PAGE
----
London: Macmillan and Co., Limited, 1932-33. Item #04159
A Charming, Finely Wrought Pictorial Binding
By the Great Rivière & Son
[RIVIÈRE & SON, binders]. CARROLL, Lewis. Alice's Adventures in Wonderland. With Forty-Two Illustrations by John Tenniel. [bound together with] Through the Looking-Glass And What Alice Found There. With Fifty Illustrations by John Tenniel. London: Macmillan and Co., Limited, 1932-33.
Later editions. Two volumes bound in one (7 1/16 x 4 3/4 inches; 180 x 121 mm). , 179, ; , 208,  pp.
Bound c. 1933 by Rivière & Son (stamp-signed to front turn-in) in full dark red crushed morocco with multi-colored pictorial onlay of Alice with the Dodo bird (from the Tenniel illlustration on page 31 of Alice's Adventures), the vignette framed by a gilt strapwork border with gilt garlands; multi-colored onlaid vignette to rear cover depicting Alice and the Red Queen (from the Tenniel illlustration on page 33 of Through the Looking-Glass), each with blind-tooled highlights. Gilt ruled board-edges and elaborate gilt turn-ins, red marbled end-papers, all edges gilt. A fine example.
Robert Rivière (1808–1882), bookbinder, was born in London in 1808. On leaving school, in 1824, he apprenticed with Messrs. Allman, the booksellers, of Princes Street, Hanover Square. In 1829 he established himself at Bath as a bookseller, and subsequently as a bookbinder in a small way, employing only one man. But not finding sufficient scope for his talents in that city, he came in 1840 to London, where he commenced business as a bookbinder.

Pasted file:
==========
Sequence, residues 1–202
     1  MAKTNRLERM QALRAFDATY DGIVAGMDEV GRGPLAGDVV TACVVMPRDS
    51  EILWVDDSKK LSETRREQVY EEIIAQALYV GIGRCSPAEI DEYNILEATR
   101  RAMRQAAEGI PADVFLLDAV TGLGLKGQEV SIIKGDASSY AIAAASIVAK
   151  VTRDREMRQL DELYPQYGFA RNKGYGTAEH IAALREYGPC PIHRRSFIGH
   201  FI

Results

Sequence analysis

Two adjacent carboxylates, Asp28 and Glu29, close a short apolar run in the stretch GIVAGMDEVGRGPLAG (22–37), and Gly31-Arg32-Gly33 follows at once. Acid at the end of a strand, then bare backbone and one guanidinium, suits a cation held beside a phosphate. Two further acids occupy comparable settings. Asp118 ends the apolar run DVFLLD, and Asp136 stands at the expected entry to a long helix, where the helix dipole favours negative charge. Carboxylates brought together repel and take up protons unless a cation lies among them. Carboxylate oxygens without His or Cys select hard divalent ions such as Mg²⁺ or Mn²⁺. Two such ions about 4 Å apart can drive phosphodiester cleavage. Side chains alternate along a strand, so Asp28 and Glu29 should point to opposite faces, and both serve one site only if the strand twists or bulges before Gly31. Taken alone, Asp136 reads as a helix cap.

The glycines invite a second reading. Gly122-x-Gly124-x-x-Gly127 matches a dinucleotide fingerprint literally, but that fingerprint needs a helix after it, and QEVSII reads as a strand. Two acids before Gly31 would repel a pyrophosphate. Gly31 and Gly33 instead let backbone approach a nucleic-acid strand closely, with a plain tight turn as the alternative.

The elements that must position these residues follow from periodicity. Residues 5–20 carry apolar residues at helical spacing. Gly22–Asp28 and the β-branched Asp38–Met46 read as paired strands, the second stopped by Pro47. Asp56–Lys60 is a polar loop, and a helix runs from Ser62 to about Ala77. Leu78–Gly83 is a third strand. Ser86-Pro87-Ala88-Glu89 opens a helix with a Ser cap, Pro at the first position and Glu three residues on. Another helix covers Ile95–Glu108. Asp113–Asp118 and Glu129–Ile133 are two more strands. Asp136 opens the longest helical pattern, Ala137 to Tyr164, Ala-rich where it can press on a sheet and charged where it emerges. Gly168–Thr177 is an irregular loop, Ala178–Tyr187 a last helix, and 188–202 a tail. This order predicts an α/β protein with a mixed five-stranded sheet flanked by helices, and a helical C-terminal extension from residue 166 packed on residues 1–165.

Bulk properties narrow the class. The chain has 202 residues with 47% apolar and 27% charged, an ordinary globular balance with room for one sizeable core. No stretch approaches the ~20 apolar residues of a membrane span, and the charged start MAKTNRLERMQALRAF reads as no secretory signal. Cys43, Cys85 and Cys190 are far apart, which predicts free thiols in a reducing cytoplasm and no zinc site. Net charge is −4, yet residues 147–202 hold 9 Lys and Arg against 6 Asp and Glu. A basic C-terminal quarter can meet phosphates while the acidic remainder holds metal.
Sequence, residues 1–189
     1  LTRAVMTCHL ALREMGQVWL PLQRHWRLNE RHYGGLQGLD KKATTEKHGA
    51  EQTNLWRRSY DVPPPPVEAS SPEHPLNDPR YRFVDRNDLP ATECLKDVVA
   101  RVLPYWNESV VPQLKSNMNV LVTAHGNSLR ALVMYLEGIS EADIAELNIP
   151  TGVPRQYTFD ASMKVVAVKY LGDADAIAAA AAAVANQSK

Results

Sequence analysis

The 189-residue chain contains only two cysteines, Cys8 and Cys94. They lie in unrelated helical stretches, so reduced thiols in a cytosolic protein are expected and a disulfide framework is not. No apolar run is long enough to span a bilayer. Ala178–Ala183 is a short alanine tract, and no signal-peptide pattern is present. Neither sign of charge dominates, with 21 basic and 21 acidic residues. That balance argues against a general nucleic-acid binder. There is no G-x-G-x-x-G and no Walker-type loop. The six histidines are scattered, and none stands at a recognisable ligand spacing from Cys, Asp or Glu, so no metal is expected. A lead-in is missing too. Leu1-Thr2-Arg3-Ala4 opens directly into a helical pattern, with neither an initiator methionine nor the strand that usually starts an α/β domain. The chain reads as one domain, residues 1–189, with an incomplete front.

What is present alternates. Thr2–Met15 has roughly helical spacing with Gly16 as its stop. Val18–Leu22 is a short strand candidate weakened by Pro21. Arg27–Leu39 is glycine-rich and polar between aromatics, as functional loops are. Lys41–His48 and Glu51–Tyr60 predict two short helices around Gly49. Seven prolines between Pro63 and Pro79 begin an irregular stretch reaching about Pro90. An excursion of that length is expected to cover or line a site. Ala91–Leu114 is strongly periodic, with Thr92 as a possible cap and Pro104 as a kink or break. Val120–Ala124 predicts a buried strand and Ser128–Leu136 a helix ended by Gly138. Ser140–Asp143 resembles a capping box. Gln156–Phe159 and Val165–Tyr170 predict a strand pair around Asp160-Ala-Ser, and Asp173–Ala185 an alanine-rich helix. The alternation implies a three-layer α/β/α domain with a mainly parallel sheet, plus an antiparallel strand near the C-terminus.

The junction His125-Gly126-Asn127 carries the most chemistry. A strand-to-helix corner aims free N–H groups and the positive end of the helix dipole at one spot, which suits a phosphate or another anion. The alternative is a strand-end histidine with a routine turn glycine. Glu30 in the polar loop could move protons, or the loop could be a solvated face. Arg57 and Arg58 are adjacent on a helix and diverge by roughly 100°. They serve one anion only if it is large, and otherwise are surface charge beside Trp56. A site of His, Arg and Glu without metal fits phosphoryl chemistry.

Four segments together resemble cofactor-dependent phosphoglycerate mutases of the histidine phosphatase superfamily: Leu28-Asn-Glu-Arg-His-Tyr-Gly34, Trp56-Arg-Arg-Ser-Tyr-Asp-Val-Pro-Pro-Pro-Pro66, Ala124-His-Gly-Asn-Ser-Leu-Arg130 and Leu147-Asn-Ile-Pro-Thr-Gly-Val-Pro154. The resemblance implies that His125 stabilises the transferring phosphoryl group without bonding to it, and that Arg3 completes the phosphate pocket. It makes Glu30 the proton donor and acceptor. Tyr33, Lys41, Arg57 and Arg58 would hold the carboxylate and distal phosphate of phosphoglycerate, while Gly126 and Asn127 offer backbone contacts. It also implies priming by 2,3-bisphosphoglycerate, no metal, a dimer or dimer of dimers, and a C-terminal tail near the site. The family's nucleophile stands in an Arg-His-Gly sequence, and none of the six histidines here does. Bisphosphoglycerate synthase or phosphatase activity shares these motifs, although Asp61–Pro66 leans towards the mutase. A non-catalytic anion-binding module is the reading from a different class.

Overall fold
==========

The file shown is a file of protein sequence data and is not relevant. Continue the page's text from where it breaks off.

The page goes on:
The excellent workmanship and good taste displayed in his bindings gradually won for them the appreciation of connoisseurs, and he was largely employed by the Duke of Devonshire, Mr. Christie-Miller, Captain Brooke, and other great collectors. He also bound for the queen and the royal family. In the Great Exhibition of 1851 he exhibited several examples of his skill, and he obtained a medal.
The bindings of Rivière, in the quality of the materials, the forwarding, and in the finish and delicacy of the tooling are deserving of almost unqualified commendation. His bindings are wonderful specimens of artistic taste, skill, and perseverance.
Rivière bequeathed his business to this son-in-law in 1880, and the name of the firm was changed to Rivière & Son. Bayntun of Bath acquired Rivière c. 1930.